I make the art, I don't explain it and I don't always understand it. It troubles me to go to museums and galleries with friends who have been immensely successful in their own work, are highly intelligent yet start shaking in their boots when asked to discuss what they're looking at.
"I didn't major in art history," said one. "But I know what I like. Horses and boats. And I like landscapes and old portraits."
"I don't understand contemporary art," said another. "I don't want to appear stupid but I don't understand why it is art. And why is it OK to sit across from an old woman with a facelift in a long dress who just stares at you? And there was a long line of people waiting to do this? At the Museum of Modern Art?"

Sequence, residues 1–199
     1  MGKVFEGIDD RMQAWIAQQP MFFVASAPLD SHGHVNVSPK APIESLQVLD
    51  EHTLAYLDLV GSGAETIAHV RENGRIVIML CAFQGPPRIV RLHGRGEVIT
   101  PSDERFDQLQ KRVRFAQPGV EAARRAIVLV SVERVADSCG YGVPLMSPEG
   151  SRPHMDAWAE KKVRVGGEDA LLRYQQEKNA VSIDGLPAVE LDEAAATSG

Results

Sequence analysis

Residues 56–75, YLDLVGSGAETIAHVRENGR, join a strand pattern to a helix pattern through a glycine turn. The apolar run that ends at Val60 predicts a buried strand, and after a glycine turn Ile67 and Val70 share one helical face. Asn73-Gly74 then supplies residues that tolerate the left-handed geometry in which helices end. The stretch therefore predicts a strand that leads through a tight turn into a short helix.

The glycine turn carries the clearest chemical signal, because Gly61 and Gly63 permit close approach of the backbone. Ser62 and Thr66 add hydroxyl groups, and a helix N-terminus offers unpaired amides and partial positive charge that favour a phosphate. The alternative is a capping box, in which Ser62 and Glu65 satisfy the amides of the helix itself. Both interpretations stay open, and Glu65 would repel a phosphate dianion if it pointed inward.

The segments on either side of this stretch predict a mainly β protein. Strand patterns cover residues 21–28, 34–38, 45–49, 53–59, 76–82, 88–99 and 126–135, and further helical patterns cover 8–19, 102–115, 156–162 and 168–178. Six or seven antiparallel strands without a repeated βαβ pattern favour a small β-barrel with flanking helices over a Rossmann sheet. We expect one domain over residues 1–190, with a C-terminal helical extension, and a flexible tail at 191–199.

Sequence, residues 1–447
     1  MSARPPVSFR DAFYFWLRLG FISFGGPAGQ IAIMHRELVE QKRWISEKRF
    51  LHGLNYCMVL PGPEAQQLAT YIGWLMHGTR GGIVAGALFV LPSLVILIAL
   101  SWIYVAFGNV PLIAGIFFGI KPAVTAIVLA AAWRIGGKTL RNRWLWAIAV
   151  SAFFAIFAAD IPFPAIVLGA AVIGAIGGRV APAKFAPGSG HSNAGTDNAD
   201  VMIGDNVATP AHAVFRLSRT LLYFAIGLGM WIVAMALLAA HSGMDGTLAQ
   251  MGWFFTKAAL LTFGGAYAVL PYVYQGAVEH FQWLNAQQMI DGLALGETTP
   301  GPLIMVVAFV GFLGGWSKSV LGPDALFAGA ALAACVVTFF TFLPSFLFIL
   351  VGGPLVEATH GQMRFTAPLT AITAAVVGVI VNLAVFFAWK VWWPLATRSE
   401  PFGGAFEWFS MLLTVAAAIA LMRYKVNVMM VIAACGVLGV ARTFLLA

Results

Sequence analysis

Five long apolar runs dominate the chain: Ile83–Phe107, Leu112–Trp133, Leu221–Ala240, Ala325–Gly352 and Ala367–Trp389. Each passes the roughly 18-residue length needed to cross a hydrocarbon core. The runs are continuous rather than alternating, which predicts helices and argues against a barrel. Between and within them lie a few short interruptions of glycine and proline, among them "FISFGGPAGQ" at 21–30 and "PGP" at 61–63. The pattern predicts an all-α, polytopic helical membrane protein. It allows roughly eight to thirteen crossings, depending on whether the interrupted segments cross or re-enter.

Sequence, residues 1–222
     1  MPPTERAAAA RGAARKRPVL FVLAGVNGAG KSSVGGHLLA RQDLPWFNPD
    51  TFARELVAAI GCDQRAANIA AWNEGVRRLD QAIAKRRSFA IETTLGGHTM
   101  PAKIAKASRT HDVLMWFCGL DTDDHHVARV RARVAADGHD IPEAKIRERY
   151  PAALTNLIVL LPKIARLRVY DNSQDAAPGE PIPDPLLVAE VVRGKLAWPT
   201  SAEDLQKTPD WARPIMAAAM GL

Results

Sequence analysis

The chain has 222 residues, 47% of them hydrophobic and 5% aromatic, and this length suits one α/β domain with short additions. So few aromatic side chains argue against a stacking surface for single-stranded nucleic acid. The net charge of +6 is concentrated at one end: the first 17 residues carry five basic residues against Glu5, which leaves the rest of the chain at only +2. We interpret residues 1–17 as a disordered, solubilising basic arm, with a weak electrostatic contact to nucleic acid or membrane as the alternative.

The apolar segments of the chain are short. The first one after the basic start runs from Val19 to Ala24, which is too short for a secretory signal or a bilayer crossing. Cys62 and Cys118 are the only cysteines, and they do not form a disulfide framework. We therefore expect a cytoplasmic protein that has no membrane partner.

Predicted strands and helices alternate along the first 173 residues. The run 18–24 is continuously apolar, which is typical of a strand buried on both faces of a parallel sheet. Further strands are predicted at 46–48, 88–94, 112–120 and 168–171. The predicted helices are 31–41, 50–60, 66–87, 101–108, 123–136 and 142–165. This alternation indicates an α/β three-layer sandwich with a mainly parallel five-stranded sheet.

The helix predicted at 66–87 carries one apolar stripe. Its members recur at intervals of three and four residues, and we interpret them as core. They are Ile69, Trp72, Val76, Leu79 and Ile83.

With all the immense amount of web information and updates about the artworld, the buying frenzy, the art fairs and search for either very new or very old talent we seem to have forgotten that intimidation of the average museum goer is bound to happen and the disconnect between artist and viewer is most definitely taking a hit.
Those of us who are making the art and are given to the highs and lows that it entails should be concerned about how loud we need to shout in order to be heard. In the past it was enough to trot out some skill and whisper, hope that someone, anyone, understood. Problem now is that we have intimidated people so much that they require proof of their own validity to even begin the conversation.